After lunch, we went shopping! Jodhpur is known for its shopping, selling various crafts and food. We went to a few shoe shops where they sell the traditional jooti shoes. These are leather shoes, covered in embroidered patterns. But I didn’t see any I liked, which was a shame.

A sweet shop is not as you would expect, with jars of coloured confectionary. Here, sweets are small soft shapes, almost looking like fudge. I bought a few. They were ok. They had the texture of a soft fudge, but with a disappointing masala flavour.

The Sardar market surrounds the central clock tower. Leading off in every direction were sprawling stalls selling spices, rice, bracelets, kitchen ware, fruits and vegetables. It was really colourful – I liked the piles of spices and it was as you would expect a market to be. But we had so much hassle. Never had so many people asking for money.

It was annoying. The spice shop was amazing. The walls covered floor to ceiling with packets of spices. Anything you could ever want. The lady explained them all to us, let us smell them, drink tea and I ended up buying rather a lot!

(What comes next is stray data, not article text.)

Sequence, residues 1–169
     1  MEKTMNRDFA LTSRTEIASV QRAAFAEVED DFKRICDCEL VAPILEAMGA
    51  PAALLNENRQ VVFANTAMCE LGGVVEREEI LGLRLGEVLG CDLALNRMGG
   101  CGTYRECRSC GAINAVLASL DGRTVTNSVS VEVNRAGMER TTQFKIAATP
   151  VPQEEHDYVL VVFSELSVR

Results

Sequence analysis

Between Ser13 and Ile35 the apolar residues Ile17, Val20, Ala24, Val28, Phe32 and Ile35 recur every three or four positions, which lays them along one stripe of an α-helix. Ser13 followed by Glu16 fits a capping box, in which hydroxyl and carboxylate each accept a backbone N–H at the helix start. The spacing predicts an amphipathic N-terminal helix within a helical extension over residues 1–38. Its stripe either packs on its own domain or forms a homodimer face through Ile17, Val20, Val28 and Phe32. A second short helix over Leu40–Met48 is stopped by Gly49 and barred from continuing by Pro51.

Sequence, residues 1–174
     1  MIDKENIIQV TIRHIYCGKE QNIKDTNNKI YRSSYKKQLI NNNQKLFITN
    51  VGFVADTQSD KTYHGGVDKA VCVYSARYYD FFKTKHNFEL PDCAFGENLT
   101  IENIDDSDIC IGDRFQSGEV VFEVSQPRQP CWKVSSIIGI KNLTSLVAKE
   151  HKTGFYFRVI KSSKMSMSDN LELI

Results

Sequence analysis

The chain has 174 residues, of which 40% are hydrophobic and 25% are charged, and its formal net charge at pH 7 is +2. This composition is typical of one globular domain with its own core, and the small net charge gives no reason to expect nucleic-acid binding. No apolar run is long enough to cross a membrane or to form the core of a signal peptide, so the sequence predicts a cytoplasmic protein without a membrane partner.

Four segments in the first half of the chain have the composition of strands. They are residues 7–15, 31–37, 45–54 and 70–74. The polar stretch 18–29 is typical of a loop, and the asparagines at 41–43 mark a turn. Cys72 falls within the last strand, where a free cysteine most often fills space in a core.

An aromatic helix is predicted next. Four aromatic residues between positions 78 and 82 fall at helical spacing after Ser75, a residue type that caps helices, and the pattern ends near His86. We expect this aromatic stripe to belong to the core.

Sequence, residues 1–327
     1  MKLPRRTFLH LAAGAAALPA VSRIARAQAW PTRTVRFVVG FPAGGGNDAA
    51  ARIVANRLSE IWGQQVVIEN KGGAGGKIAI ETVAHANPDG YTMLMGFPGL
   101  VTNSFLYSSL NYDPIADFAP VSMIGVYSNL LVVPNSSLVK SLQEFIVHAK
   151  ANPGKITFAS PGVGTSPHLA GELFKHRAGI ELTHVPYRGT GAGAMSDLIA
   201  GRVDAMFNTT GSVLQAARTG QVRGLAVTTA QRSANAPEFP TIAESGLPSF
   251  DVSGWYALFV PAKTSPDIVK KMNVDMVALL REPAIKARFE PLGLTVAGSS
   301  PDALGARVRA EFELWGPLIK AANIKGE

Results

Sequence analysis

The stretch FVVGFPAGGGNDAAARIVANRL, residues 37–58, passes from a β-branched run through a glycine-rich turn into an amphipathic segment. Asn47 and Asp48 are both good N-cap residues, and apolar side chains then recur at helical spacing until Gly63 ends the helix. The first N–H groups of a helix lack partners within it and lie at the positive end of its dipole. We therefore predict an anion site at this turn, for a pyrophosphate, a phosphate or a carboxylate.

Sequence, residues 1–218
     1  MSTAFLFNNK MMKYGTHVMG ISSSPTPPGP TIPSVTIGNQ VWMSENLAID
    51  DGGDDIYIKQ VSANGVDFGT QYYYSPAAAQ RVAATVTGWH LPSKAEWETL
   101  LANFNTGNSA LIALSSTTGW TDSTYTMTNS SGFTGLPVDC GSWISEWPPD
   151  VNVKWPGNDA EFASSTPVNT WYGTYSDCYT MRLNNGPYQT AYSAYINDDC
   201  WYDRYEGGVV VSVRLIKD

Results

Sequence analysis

There were also some random spice mixes – some to improve your brain and others to improve other things.

Next shop – bracelets. The shop we went to has been making bracelets for 300 years. They make them from lacquer and glass. The bracelets weren’t prominently displayed, but all kept in boxes. The man kept brining out colourful box after colourful box. They were all so pretty, I went a bit mad and bought loads.

There is a famous samosa shop here. The man apparently sells 10,000 per day (they cost 15p each to buy). That’s a lot of samosas! There was a queue out of the shop. I tried one, they were pretty large. It was amazing. A spinach, potato curry inside – the best I’ve had.